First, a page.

The last thing that Lebanon needs today is a round of sanctions to add weight over its crumbling sectors.
But the Caesar Act is active and will inevitably harm the country if its rules are not bent – if slightly – to allow Lebanon some breathing space.
To attempt to achieve this, the Ministry of Foreign Affairs and Emigrants filed an official request to the US, asking it to exempt Lebanon from sanctions related to its trade networks with Syria, local media reported.
The request specifies electricity import from Syria, which satisfies a fair portion of Lebanon’s total power demand.
Moreover, it cites the passage of trucks from Lebanon to Syria for the purpose of transporting goods through its land, in addition to the import and export of agricultural products to the neighboring country.
The Foreign Ministry’s request was handed to the Lebanese Ambassador to the US to be delivered to the country’s Department of State for consideration.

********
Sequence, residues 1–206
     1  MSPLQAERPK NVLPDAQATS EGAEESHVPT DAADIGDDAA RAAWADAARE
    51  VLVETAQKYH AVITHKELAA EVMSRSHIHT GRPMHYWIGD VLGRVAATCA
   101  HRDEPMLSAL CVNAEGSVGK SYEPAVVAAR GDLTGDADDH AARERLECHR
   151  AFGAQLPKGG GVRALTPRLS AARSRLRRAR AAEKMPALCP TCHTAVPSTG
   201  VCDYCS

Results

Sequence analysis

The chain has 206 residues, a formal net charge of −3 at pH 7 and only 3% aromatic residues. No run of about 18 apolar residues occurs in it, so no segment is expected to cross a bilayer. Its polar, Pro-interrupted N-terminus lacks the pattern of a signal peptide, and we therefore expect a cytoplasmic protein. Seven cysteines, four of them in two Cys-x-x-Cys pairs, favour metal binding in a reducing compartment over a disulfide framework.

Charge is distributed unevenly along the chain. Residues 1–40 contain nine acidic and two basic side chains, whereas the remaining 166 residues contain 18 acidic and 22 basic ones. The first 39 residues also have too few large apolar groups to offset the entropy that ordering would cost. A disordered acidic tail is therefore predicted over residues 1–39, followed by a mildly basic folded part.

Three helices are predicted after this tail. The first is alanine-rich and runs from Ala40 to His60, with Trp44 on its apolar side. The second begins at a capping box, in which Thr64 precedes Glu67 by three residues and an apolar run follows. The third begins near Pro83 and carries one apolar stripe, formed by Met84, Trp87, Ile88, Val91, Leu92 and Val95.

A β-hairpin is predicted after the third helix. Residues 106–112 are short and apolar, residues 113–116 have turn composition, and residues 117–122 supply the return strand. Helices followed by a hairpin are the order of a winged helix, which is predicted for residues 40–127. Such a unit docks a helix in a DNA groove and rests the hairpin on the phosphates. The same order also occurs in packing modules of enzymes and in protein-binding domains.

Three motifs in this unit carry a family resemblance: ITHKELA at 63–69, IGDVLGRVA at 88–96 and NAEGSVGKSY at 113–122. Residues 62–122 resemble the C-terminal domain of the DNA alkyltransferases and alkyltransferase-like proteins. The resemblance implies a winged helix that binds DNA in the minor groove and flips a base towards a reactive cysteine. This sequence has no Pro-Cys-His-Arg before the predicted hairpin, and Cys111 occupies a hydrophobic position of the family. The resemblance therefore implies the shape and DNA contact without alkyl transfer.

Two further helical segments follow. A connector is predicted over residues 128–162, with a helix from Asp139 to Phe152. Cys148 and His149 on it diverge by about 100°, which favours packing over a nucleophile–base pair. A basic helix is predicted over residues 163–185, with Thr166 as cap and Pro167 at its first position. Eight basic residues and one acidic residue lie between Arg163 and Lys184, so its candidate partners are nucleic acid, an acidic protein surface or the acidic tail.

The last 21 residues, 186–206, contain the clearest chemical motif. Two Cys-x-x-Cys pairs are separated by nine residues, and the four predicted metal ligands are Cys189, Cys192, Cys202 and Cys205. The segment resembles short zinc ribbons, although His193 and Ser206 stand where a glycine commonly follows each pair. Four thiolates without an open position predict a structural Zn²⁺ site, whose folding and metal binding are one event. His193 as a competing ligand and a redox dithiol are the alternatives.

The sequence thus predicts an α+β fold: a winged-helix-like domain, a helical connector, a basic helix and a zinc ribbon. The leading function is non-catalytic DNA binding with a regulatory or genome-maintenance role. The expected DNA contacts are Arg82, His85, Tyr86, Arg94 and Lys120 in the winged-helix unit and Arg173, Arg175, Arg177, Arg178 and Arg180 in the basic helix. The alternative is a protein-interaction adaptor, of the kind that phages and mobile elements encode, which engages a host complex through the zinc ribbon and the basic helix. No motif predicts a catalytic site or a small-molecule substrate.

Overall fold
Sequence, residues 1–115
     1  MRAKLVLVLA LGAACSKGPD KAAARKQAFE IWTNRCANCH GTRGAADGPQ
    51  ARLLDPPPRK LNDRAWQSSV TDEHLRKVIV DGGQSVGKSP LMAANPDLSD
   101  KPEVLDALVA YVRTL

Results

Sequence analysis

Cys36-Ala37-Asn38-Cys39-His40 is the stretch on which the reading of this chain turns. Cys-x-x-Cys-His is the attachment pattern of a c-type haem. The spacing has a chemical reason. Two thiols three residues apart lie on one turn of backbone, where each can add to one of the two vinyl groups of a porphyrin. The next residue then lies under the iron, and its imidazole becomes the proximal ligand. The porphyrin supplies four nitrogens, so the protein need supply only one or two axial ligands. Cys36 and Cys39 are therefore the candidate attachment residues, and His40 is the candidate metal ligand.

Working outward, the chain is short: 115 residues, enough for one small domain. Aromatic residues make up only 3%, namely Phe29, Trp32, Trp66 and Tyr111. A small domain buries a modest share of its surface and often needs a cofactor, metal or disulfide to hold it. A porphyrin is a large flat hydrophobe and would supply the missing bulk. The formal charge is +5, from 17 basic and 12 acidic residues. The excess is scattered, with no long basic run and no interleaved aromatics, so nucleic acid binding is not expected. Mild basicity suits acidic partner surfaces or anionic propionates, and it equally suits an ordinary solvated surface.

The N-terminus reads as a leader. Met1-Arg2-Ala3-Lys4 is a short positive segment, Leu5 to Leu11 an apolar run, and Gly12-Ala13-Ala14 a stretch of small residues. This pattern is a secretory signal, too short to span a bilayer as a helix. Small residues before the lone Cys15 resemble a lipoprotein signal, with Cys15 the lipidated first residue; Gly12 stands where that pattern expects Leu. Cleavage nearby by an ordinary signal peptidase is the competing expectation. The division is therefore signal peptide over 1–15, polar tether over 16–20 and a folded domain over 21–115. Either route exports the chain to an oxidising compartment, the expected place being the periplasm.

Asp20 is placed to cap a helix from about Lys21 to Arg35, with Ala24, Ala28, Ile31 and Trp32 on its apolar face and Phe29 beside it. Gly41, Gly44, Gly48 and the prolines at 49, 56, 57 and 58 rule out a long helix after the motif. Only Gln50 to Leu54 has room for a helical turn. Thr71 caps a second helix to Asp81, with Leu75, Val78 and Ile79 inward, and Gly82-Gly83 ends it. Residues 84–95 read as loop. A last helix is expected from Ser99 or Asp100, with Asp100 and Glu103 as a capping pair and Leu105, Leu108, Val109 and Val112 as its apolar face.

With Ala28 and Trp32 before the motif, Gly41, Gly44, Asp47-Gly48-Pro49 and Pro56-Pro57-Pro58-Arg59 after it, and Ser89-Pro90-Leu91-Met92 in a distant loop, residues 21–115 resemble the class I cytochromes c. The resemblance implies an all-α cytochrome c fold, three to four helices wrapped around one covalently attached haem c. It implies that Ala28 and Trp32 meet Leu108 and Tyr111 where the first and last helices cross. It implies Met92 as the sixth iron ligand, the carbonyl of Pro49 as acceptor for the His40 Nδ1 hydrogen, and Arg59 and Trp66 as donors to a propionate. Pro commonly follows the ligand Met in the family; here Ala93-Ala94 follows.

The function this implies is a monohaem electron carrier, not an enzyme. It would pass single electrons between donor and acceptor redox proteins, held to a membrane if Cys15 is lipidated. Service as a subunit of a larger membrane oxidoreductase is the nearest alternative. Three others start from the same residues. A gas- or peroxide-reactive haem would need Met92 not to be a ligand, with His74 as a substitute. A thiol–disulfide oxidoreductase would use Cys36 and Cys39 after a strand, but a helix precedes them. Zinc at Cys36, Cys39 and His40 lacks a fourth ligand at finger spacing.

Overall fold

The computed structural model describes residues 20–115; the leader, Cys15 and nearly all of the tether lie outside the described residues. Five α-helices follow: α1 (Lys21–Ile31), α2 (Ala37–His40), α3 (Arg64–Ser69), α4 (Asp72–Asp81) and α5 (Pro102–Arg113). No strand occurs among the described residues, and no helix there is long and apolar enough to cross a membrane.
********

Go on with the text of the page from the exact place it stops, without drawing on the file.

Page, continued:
This comes after US Assistant Secretary of State for Near Eastern Affairs David Schenker said that his country can make arrangements to exempt Lebanon from sanctions when it comes to exports to Arab Gulf states.
Notably, a spokesperson for the US State Department told Asharq Al-Awsat that, although the Caesar Act targets neither the Lebanese nor the Syrian people, it directly targets any individuals or entities that support the current Syrian regime.
It “clearly defines the type of activities that support the devastating conflict of the Assad regime, in which Syrian civilians paid the heavy price, and they include – but are not limited to – the energy sector and the aviation and reconstruction sectors,” the source said.
Interestingly, the spokesperson made this statement in response to a question about the Lebanese Foreign Ministry’s letter to Washington.
This seems to imply – judging by the specific reference to the energy sector, in addition to David Schenker’s recent Arab Gulf remarks – that an exception for importing electricity from Syria may be far-fetched for Lebanon.